Thursday, February 22, 2007

Search Word Post

We interrupt your regular reading to bring you the last 8 searches which brought people to this blog.
italian female mob
convent school scans porn
eureka 7's characters
supergirl remake
giantess breasts
kyle rayner donna troy
jim balent wedding pictures
depressing tv shows list
In case you are wondering, "giantess breasts" is my most common referral search, those exact words bringing at least one hit per day for over a year now. It appears that there is a whole sub-fetish of breast-seekers who are interested in giantesses. I can only wonder how they react when they find this blog, which as of this posting is number 3 on Google for that term.

Wednesday, February 21, 2007

This is annoying.

So, someone desperate comes up with a unique idea to get a date:
But really, Comic Book Conventions should be a great place to meet guys. We're talking about a virtually untapped market. In theory: for a smart, (somewhat) attractive girl, getting a date should be like shooting fish in a barrel, no? Thousands of men are gathered in one place (granted, some of them are taken; some are gay; some, undoubtedly, live in their mothers' basements) with a very small proportion of available women around. The statistics alone would lead us to believe there have got to be a few good men in this crowd.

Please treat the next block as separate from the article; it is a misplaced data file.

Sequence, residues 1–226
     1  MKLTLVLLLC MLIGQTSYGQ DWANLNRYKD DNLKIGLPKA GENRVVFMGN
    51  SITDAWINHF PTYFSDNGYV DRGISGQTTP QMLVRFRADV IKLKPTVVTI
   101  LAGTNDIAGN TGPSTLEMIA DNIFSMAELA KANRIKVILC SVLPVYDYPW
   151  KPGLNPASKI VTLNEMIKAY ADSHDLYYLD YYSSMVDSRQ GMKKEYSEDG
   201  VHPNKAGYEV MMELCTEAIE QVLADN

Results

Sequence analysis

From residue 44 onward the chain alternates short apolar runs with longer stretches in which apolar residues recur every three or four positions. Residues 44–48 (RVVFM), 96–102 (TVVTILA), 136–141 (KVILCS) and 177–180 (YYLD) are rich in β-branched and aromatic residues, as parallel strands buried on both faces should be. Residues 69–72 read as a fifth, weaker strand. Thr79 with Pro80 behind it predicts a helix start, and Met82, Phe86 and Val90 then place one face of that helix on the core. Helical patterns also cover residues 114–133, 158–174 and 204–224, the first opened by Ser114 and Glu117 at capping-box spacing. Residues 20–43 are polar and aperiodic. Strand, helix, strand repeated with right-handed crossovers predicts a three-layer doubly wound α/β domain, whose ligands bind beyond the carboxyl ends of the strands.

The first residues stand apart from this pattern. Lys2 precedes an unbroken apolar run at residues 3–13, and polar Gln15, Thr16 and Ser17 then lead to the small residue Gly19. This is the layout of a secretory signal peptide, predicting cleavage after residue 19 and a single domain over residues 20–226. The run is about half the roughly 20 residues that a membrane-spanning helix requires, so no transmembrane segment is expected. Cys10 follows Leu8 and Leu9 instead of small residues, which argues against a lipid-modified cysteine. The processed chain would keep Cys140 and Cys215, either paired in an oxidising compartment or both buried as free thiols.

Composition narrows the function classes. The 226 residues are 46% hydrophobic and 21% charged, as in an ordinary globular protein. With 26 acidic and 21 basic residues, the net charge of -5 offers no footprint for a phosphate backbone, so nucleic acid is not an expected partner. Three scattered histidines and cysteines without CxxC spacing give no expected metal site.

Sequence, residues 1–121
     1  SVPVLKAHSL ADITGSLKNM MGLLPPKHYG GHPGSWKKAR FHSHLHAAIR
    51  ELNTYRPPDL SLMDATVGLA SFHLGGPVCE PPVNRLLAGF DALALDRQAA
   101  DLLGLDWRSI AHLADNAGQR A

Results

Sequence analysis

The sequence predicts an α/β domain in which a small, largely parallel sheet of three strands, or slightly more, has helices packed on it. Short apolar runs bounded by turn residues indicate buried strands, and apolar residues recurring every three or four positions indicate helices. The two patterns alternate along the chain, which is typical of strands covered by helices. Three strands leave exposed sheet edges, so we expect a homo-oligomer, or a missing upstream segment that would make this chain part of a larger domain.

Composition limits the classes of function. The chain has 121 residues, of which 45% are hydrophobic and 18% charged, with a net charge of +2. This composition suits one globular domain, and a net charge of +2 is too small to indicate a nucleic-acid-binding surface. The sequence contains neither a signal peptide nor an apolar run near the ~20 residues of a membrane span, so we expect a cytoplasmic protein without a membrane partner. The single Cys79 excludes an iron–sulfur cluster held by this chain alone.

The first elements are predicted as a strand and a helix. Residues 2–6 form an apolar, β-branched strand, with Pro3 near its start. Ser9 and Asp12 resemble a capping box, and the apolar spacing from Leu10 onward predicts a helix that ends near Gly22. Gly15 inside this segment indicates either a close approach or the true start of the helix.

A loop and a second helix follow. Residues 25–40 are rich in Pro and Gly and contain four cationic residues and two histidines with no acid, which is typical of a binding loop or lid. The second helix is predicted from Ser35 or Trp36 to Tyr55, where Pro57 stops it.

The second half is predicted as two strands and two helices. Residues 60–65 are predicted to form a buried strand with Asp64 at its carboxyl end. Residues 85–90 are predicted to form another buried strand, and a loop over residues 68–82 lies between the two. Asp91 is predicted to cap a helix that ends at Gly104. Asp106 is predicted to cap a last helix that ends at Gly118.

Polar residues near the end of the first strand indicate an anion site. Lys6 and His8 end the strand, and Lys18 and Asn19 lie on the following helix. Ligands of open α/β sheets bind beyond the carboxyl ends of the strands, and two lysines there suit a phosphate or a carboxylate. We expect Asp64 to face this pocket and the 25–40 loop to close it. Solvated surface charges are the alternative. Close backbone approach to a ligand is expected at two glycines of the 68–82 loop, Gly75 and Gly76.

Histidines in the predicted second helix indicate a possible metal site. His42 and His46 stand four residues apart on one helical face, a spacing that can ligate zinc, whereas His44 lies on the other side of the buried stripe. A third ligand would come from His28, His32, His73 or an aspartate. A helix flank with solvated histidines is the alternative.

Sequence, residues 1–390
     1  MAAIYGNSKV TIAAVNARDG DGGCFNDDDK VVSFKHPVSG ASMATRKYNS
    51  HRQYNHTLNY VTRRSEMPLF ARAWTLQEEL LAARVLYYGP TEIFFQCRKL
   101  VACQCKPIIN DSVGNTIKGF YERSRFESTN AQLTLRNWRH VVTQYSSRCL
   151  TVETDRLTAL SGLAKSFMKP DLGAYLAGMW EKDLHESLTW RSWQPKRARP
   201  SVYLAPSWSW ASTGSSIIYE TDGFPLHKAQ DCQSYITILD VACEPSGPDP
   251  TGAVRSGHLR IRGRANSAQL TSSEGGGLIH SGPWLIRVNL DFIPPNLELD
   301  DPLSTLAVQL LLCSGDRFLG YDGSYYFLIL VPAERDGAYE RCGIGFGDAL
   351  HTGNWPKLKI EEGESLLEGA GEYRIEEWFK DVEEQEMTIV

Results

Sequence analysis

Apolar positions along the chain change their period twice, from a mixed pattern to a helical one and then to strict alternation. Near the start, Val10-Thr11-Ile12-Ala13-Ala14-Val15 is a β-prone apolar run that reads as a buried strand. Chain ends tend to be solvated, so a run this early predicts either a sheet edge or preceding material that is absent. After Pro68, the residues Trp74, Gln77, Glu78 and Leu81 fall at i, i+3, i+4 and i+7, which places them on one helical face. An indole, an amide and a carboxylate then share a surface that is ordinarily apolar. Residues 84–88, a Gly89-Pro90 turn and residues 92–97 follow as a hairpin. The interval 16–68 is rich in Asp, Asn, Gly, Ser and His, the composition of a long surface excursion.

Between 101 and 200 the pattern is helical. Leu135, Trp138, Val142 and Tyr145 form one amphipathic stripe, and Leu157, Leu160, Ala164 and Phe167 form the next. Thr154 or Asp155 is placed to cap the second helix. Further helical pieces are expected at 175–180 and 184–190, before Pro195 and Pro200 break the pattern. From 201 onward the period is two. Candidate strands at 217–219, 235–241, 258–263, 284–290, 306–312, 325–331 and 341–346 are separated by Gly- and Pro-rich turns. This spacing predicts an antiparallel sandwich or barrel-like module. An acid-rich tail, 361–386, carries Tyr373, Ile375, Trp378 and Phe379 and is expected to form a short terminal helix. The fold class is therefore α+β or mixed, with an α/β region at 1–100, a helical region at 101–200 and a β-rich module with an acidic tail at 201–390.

Gee, thanks for perpetuating the stereotype that women only pretend to like "guy things" in order to meet guys. I can tell you that I and my fellow real comic book fans so enjoy being hit on by guys when we're just trying to find our comics, because they think an unescorted woman can't possibly be there to actually buy the Green Lantern statue. We also adore being ignored in comics shops because they assume the guy who walked in after us is the comic-reading boyfriend, not to mention having such a hard time finding female-friendly superhero comics because our presence is minimized by such assumptions. Its a real fucking blast!